A sharp decline in the trade deficit with other nations suggests the US economy grew this spring at a faster pace than previously estimated, helped by a record level of exports.
The US Department of Commerce said on Tuesday that the US trade gap fell more than 22 percent in June from May to US$34.2 billion. That is lowest level since October 2009.
US companies shipped more aircraft engines, telecommunications equipment, heavy machinery and farm goods. As a result, exports rose 2.2 percent to an all-time high of US$191.2 billion.
Imports declined 2.2 percent to US$225.4 billion, in part because oil imports fell to the lowest level in more than two years.
Economists said the steep drop in the trade deficit would likely lead the government to revise its economic growth estimate for the April-June quarter.
“We could see a sizeable upward revision,” BMO Capital Markets senior economist Jennifer Lee said.
Last week the government estimated that the economy grew at a lackluster 1.7 percent annual rate in the second quarter, in part because trade cut nearly a full percentage point from growth.
However, after seeing the June trade figures — which were not factored into last month’s growth estimate — several economists said growth could be closer to 2.5 percent. The government reports its second estimate of growth for the April-June quarter on Aug. 29.
A smaller trade deficit lifts economic growth because it means consumers and businesses are spending less on foreign goods than companies are taking in from overseas sales.
Many economists think overall growth has started to rebound in the July-September quarter. Some say growth could near a 3 percent annual rate. A key reason is that several export markets, including Europe, are seeing improvement.
For June, US exports to the 27-nation EU rose 1.5 percent. That helped shrink the deficit with the region to US$7.1 billion.
The deficit with China fell 4.3 percent to US$26.6 billion, while the US’ deficit with Japan rose 2.2 percent to US$5.5 billion in June.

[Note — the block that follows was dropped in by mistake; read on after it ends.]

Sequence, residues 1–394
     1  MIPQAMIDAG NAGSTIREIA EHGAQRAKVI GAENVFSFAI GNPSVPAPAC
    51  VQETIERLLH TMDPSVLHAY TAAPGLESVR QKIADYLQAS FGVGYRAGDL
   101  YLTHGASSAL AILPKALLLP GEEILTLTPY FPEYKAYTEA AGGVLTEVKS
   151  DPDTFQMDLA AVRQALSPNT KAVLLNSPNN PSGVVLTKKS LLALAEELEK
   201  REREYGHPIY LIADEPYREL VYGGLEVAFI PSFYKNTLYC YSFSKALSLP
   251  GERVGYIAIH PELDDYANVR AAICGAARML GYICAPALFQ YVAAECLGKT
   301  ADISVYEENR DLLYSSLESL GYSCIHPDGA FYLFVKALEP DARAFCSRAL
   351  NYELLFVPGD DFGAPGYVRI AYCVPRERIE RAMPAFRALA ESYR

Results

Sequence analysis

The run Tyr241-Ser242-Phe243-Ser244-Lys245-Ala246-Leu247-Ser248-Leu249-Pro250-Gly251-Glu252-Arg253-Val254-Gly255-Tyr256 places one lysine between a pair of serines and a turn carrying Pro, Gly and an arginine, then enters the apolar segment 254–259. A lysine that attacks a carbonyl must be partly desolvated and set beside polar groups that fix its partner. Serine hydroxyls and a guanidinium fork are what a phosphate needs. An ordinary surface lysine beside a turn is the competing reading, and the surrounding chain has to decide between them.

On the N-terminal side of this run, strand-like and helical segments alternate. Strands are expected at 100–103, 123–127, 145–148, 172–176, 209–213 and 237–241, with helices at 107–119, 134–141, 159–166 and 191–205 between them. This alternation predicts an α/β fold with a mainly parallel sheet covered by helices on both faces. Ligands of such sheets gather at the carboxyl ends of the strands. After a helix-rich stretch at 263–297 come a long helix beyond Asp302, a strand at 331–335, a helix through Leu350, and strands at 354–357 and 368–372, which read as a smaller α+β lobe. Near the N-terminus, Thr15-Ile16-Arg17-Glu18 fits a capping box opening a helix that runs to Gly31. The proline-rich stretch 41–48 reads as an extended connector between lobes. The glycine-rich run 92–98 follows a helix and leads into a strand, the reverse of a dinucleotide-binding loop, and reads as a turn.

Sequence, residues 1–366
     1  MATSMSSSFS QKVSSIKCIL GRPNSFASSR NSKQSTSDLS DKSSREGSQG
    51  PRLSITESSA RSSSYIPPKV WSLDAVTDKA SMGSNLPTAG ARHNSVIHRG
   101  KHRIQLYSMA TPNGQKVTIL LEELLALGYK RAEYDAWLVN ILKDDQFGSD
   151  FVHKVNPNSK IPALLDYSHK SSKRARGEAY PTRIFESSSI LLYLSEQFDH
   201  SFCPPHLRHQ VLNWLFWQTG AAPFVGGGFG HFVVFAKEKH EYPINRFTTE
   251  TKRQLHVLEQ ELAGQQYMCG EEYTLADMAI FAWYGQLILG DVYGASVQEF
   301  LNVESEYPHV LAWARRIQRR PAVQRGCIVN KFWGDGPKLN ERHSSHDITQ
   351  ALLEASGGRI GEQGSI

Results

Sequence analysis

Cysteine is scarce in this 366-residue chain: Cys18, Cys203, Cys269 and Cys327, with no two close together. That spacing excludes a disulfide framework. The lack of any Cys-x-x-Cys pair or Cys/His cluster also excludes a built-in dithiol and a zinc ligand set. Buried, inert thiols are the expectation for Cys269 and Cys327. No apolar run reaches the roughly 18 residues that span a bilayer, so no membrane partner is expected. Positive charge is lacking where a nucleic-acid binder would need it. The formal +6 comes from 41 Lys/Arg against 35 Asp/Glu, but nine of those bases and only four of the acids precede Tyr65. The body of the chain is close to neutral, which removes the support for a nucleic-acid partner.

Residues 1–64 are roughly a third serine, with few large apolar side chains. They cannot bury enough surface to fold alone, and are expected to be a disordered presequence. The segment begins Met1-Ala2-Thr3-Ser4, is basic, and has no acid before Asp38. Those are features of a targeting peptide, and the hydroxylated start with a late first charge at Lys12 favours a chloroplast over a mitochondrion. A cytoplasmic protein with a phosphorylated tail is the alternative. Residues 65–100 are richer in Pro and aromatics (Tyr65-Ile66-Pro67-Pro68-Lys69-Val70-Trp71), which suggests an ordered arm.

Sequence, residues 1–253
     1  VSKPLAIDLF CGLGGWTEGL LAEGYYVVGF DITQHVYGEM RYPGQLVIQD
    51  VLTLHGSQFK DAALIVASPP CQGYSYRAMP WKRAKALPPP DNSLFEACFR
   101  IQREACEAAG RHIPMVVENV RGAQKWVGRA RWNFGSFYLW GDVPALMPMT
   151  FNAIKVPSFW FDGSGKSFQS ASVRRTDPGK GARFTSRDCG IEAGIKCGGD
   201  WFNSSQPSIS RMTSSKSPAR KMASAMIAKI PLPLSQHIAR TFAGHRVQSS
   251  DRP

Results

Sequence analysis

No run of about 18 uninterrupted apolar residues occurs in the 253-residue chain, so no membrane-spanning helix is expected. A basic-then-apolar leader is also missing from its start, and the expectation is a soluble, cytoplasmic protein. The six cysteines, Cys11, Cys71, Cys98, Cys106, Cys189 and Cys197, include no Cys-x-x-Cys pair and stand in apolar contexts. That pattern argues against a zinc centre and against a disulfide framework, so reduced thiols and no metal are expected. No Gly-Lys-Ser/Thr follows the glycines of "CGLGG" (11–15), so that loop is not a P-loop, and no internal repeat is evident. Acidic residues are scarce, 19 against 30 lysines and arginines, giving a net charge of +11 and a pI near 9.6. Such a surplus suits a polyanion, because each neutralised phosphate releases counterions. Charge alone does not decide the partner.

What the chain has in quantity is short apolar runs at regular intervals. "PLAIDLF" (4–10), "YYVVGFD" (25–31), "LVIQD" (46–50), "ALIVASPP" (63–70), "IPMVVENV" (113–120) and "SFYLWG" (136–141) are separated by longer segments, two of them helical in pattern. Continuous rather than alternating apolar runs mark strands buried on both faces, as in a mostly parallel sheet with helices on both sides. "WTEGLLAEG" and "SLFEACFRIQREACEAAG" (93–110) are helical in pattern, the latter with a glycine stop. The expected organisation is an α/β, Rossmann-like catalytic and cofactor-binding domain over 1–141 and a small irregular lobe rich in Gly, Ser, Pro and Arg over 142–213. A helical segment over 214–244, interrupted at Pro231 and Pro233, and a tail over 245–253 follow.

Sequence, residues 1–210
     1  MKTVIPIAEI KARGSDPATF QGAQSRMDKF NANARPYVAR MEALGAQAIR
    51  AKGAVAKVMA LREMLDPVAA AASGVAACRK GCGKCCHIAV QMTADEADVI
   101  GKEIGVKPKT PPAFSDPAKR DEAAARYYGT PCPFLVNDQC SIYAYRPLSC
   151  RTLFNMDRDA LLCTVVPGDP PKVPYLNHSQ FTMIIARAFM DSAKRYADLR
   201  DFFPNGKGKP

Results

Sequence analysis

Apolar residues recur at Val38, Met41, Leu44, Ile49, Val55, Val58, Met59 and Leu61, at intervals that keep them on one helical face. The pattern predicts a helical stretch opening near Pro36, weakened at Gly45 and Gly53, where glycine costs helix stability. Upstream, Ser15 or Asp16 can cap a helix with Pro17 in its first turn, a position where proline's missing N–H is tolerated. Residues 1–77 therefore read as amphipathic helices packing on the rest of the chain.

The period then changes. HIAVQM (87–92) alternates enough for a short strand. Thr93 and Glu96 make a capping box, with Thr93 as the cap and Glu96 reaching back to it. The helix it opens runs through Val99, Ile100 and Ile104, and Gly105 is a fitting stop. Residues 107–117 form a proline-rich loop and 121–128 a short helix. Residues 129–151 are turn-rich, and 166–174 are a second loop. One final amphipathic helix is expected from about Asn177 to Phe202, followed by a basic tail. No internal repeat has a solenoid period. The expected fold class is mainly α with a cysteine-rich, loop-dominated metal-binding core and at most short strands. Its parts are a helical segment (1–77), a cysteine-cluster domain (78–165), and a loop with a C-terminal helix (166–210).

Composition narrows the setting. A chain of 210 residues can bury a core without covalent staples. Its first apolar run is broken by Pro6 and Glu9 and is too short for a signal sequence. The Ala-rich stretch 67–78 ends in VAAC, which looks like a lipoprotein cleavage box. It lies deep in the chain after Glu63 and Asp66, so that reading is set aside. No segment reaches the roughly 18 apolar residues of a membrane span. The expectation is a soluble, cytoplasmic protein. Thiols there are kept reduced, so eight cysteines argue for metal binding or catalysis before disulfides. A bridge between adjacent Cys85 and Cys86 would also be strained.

IHS Global Insight senior economist Gregory Daco said trade could still drag the economy in the second half of the year. That’s because he expects imports will increase at a faster pace than exports, reflecting the health of the US consumer and weaker growth overseas.
“We still have relatively modest global growth which will constrain US exports,” Daco said.
Still, the rise in exports underscored the importance that manufacturing plays in the US economy, Naroff Economic Advisors chief economist Joel Naroff said.
“A number of companies are doing whatever they can to bring back as much production as they can to the United States,” Naroff said. “They are facing rising wages in countries such as China and other problems of doing business there.”
US factories are already starting to show more strength after slumping earlier this year, helped by increases in business spending and less drag from government cuts.
Activity at US factories increased last month at the fastest pace in two years, according to the Institute for Supply Management’s closely watched manufacturing index.
US factories also added 6,000 jobs last month, the US Department of Labor said on Friday. That was the first month of manufacturing job growth since February.